Even so the option of divorce exists. When a husband and wife are having a fight, they can be tempted to bring up divorce as a means of settling everything. This is a huge error, for it undermines their commitment to the marital bond between them. Divorce must be viewed only as an absolute last resort. Because the marriage was made in Heaven, despite all difficulties the couple have the ability to find solutions to their problems. They are capable of adjusting to each other’s flaws and idiosyncrasies. This is only possible, however, when they have an attitude of total and absolute commitment to each other.
In Eretz Yisrael, when a man married a woman they would tell him the following (Berachos 8a): The word describing finding a good wife, matza, appears in the past tense, as it says, “Matza ishah matza tov — He found a wife, he found good” (Mishlei 18:22). On the other hand, the word for finding a bad wife appears in the present tense, motzei: “Motzei ani mar memaves es ha’ishah — I find the wife more bitter than death” (Koheles 7:26). Why is it that the good wife is mentioned in the past tense?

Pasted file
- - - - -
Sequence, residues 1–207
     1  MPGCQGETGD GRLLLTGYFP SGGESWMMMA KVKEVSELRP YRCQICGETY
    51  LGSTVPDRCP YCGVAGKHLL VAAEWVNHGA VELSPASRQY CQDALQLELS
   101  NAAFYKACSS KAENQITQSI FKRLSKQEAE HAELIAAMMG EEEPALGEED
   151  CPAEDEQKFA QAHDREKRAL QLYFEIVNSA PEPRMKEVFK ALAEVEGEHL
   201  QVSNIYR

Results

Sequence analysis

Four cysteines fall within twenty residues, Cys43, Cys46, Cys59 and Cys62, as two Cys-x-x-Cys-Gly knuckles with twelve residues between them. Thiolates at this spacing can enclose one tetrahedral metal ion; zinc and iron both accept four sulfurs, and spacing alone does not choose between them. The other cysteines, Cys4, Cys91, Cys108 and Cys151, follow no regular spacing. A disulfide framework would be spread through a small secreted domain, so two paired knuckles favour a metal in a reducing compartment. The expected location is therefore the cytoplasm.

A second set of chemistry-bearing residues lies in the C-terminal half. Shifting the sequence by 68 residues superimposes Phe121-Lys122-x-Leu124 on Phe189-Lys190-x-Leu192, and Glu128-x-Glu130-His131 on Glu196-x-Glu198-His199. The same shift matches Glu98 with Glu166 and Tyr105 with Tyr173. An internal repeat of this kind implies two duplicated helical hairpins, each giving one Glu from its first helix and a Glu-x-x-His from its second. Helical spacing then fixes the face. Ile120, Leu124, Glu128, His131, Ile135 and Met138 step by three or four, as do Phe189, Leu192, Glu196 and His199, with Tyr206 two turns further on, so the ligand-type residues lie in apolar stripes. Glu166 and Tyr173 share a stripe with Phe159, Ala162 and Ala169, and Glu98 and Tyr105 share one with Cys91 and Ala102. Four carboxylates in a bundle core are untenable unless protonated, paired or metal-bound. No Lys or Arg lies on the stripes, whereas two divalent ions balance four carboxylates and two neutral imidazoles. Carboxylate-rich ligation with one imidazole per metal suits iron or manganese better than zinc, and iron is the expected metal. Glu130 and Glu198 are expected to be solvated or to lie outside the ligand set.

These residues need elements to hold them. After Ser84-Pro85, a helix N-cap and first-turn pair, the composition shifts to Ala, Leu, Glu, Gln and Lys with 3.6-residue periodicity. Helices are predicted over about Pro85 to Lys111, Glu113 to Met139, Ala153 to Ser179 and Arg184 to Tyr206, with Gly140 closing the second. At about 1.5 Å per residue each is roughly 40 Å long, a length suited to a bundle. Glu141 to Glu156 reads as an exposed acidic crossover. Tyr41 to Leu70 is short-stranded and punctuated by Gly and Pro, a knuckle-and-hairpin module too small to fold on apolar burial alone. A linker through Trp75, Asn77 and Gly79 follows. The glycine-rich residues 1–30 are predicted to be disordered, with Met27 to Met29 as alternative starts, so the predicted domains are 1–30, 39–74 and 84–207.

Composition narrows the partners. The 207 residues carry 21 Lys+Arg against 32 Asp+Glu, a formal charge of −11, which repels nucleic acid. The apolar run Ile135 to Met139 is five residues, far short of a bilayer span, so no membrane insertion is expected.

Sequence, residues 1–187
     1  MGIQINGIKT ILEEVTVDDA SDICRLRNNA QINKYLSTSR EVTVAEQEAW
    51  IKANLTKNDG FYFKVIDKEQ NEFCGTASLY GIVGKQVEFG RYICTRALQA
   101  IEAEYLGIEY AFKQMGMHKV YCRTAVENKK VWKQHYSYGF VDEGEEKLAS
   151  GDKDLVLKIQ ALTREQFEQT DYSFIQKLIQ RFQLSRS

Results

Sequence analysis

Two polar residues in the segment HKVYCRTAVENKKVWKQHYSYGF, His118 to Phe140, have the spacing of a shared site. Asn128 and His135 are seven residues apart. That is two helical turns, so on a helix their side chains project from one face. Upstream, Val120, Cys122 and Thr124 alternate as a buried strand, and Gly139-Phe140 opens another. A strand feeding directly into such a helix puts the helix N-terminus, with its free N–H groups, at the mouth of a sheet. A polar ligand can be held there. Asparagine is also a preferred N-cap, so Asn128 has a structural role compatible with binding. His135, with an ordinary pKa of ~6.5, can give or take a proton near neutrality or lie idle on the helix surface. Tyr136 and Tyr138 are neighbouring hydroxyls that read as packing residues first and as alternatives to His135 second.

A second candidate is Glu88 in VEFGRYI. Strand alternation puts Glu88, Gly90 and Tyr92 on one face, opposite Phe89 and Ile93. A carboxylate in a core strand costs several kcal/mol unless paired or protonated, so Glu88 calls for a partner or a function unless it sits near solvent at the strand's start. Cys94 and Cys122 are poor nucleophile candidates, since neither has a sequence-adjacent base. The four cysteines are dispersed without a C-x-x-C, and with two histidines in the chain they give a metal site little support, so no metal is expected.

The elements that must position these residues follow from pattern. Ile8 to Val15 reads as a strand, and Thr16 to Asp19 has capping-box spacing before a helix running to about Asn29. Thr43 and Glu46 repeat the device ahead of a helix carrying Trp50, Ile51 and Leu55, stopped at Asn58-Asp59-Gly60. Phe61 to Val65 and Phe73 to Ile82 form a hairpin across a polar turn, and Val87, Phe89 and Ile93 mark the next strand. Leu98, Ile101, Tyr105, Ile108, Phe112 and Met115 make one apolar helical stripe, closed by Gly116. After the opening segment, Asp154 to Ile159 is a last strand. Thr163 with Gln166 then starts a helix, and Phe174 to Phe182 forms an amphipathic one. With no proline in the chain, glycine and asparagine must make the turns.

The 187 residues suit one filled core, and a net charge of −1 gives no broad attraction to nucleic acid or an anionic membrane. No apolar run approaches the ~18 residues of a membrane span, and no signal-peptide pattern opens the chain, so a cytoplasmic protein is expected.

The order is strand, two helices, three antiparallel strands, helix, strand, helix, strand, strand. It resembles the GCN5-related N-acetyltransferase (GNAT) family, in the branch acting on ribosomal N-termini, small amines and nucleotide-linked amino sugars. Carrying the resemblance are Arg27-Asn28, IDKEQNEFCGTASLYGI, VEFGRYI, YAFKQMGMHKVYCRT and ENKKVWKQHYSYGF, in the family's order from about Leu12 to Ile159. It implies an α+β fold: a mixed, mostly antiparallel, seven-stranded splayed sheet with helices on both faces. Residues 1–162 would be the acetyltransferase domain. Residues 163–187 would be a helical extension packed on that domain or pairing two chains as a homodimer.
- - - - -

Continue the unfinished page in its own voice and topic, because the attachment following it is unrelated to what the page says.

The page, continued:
The Vilna Gaon explains that the answer to this question lies in the nature and character of man. When all is good, man rejoices only in the beginning, and later he forgets G-d’s kindness to him. As he gets used to the good, he tends to take it for granted. Not so when things are bad for man — then he complains constantly, in all situations.
Therefore, a man who has a good wife recognizes that he “found” her in the past, but forgets that with kindness he “finds” her every minute. The man with a bad wife remembers this every single minute; therefore it is as if he ”finds” her all the time (HaGra, Imrei Noam).
Every woman is a helpmate for her husband. Sefer Zayit Raanan writes that some gedolei Yisrael actually had wives who seemed bad and very difficult to live with. It would seem they were created to cause distress and hardship to their husbands, but this is not the case. There are men who if left to live in serenity and peace would be lethargic and not develop their personality properly. For these men, G-d created a wife who might seem difficult, “more bitter than death”; but the truth is that she was created to do good for her husband, to raise him and lift him, albeit in a difficult way, full of suffering. We see, therefore, that a man's wife is always for his benefit, as nothing bad can come from G-d. What seems in our eyes as bad is in fact good for the man who is uplifted by this.
We must remember that for every single man — the wife who was given to him is an eizer, a help for him. Sometimes, though, she is a help by being kenegdo, opposing.
Adapted from “Two Halves Of A Whole” by Rabbi Yirmiyohu & Tehilla Abramov. Available at www.jewishfamily.org